Now, you might say something like ‘who cares about deadbeat bidders?’ Deadbeat bidders are an INCREDIBLE waste of time. It’d be comical if it wasn’t so sad. Let me explain: Say I list an item for auction…and it used to take 7 days to get the most out of any auction for me. I’d start it on a Wednesday night, let it ride for 7 days. Dudes would bid it up, they’d win, and then they’d ghost. eBay had a policy in place that you’d have to wait 2 weeks after an auction’s end to determine whether or not a buyer was a deadbeat. And then after the 2 weeks, you’d have to submit a case to get your final value credit back. And then you’d have to wait another week before they’d approve your request. And then it’d take anywhere from 2-4 weeks to actually get your final value credit on your account statement. As we all know, when you’re dealing with sneakers - recency matters. If one day a shoe is super hot, it might not be the next. And waiting nearly 4 weeks to re-list…it just adds up. And eBay removed the ability for us to voice our frustrations and concerns. Why? Can anyone explain that?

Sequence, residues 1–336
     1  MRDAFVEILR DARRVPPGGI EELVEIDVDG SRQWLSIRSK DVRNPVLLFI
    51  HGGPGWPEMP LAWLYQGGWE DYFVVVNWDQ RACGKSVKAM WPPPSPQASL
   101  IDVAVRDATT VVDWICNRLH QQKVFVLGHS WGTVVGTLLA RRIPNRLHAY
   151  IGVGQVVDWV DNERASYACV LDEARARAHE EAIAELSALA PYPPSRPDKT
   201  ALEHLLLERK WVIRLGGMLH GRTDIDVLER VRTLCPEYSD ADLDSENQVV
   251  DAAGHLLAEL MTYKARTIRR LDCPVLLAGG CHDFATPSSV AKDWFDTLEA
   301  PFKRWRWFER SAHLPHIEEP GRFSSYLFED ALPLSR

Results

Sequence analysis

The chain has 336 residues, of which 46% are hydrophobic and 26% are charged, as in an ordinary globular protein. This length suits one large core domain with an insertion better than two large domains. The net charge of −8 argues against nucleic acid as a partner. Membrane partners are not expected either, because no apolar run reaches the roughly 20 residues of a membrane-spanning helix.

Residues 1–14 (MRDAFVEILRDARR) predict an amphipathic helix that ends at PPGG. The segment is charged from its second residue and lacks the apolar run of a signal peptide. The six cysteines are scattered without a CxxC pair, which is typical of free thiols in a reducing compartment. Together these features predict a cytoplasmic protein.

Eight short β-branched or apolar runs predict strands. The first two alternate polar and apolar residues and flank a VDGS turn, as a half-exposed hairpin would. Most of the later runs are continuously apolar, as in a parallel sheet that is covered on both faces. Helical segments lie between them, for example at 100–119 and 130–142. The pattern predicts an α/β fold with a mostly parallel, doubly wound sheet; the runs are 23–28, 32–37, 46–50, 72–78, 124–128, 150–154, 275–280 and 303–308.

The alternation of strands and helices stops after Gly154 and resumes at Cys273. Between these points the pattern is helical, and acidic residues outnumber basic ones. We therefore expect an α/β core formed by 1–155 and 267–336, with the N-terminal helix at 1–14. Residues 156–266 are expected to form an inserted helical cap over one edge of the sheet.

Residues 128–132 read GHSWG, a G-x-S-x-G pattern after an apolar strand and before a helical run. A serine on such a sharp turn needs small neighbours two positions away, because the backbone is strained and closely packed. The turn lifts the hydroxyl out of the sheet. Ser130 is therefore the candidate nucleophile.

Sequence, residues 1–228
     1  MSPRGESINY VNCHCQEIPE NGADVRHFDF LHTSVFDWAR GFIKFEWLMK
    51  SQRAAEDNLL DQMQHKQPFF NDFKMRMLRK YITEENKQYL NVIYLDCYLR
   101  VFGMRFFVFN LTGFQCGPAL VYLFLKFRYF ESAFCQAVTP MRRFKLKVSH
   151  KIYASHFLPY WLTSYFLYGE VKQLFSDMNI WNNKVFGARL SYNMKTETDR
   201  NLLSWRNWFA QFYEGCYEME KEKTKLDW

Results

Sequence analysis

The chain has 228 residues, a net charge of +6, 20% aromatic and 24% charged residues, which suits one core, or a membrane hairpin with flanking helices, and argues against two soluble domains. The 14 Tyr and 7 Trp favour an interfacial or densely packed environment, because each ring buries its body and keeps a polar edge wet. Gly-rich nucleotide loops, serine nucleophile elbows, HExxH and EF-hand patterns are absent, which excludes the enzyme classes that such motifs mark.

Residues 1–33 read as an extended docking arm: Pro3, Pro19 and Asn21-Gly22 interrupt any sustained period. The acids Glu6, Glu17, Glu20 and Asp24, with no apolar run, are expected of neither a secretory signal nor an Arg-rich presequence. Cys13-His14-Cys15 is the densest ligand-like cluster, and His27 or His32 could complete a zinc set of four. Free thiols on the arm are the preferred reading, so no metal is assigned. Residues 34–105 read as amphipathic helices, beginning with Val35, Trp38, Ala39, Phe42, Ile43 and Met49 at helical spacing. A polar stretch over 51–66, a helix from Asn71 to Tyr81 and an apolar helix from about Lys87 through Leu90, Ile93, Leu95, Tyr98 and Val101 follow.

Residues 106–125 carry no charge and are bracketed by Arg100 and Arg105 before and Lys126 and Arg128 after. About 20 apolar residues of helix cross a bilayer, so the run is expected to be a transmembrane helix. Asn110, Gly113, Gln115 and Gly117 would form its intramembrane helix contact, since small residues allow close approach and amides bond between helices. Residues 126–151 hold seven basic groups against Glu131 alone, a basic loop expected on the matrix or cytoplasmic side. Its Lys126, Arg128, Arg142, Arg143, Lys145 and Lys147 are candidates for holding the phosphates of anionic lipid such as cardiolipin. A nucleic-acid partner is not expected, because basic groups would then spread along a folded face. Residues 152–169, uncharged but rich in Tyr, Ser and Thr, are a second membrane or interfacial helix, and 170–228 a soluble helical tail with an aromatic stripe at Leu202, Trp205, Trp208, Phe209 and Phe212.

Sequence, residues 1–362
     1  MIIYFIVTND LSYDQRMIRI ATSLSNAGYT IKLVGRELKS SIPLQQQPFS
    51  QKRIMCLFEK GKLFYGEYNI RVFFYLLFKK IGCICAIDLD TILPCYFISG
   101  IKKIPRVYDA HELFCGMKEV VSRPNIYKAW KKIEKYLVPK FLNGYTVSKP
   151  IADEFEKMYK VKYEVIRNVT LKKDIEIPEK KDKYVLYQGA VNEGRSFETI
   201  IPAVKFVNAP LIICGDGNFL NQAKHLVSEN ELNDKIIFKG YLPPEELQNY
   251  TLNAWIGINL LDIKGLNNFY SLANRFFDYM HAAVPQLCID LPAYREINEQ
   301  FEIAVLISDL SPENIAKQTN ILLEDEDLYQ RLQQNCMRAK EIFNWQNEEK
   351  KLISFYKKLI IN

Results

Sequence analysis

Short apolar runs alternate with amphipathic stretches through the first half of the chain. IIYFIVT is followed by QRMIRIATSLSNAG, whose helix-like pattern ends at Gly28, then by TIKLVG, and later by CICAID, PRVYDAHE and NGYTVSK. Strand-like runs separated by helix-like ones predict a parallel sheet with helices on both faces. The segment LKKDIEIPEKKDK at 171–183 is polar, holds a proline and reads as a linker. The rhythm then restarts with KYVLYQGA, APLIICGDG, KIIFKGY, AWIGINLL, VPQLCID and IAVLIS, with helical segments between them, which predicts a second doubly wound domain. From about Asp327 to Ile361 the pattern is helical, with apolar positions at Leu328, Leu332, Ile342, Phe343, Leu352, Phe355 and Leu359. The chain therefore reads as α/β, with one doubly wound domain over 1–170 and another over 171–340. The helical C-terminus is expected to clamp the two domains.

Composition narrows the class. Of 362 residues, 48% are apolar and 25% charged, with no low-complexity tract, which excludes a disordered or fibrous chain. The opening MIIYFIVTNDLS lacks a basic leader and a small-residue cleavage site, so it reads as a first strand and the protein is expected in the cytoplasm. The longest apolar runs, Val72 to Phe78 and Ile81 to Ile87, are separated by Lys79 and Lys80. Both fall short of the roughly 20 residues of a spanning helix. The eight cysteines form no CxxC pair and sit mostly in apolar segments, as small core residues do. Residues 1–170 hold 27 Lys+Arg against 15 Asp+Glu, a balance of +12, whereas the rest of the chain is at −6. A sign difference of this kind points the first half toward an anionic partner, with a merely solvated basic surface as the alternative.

To summarize: they made selling a real pain in the ass.
It WAS a good time to be a buyer, though, because if you’re buying on there and you’d complain about a seller, you’d likely get all of your money back AND the product. 99% of the few complaints made against me were unfounded or simple breakdowns in communication, but they sided with the buyer almost every time. 100% of the complaints I made were completely founded and they sided with me as the buyer every time. Sellers kept getting the short end of the stick.
From what I understand, these minor changes weren’t really a big deal to people who were just discovering eBay. I don’t know if they even knew these issues existed. They came to eBay to find rare shit, and…being that eBay was the ONLY place to buy stuff - they usually found it. Auctions were fun, but they started dying off and Amazon started eating up some of their customers…not in terms of sneakers or collectible items, but more for things like toothpaste and scotch tape and blank tees. Because of this, eBay added a ‘Buy Now’ feature, which wasn’t really a ‘feature’ but seemed more of them just trying to compete with Amazons business model. As such, they started killing off auctions, which was the main reason people found them in the first place. They killed them off by charging sellers to list in auction format (and letting BIN listings go up for free).